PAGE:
‘Good night, Mrs Philpot,’ they said, when everything was done. ‘We’re off to bed. Are the twins coming too?’

The twins actually condescended to nod. They looked tired out. Julian wondered where Mr Philpot and old Great-Grandad were—still out working, he supposed. He yawned. Well, he was for bed—and even if he had had to sleep on the bare ground that night, he knew he would sleep well! He thought longingly of his camp-bed.

They went their various ways—the twins and Julian and Dick to the big barn—the girls upstairs to the room opposite Junior’s. George peeped into it. It was even untidier than before, and obviously Junior must have been eating nuts up there, for the floor was strewn with shells.

They were soon in bed—the girls cuddled together in the big, rather hard, old bed, the boys in their separate camp-beds. Timmy was on George’s feet, and Snippet slept first on one twin’s feet, and then on the other’s. He was always perfectly fair in his favours!

A crashing noise awoke the girls about two hours later, and they sat upright in bed, alarmed. Timmy began to bark. George crept to the top of the stairs, hearing Grandad’s loud voice below, and then crept back to Anne.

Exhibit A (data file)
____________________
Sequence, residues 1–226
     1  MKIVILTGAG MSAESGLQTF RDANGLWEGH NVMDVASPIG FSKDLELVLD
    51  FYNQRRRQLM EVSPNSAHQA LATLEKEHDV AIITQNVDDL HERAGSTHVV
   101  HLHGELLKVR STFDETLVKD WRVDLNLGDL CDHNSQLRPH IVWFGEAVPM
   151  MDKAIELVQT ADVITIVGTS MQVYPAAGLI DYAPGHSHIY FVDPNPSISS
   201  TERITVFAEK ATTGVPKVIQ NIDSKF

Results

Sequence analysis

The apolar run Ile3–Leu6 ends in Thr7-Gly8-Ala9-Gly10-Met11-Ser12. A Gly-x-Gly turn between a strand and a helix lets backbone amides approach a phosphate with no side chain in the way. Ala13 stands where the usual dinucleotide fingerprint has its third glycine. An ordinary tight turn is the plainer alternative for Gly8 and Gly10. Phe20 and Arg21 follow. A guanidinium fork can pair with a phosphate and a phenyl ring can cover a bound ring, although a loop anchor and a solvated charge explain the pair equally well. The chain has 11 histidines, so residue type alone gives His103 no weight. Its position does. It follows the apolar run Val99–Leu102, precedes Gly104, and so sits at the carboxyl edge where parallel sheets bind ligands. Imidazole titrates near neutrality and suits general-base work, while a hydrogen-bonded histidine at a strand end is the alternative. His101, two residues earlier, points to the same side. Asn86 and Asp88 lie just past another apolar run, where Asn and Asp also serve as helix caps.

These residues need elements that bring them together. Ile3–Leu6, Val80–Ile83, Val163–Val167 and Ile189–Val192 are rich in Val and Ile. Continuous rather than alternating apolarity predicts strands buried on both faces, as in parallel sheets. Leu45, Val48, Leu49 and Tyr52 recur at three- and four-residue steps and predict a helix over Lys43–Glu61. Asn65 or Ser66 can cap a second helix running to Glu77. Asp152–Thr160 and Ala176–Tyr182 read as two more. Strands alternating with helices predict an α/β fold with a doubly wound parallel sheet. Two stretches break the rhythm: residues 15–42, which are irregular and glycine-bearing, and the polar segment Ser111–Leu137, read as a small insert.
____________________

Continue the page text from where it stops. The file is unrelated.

‘It’s Mr Henning and Junior come back,’ she said. ‘Apparently old Grandad had locked up, and they crashed and banged on the knocker. My, what a to-do! Here comes Junior!’ And indeed, here Junior did come, stamping up the stairs and singing loudly.

‘Little pest!’ said George. ‘Wait till I take him his breakfast tomorrow!’

Chapter Six

It was fun to sleep in the barn. Dick tried to keep awake for a while, and enjoy the barn-smell, and the sight of the stars in the sky seen through the open door, where a cool little night-breeze came wandering in.

Julian fell asleep at once, and did not even hear the crashing of the knocker at the front door of the farmhouse when the Hennings came in, or the loud voices. He awoke with a start at about one o’clock in the morning, and sat straight up in bed, his heart beating fast. What on earth was that noise he had heard?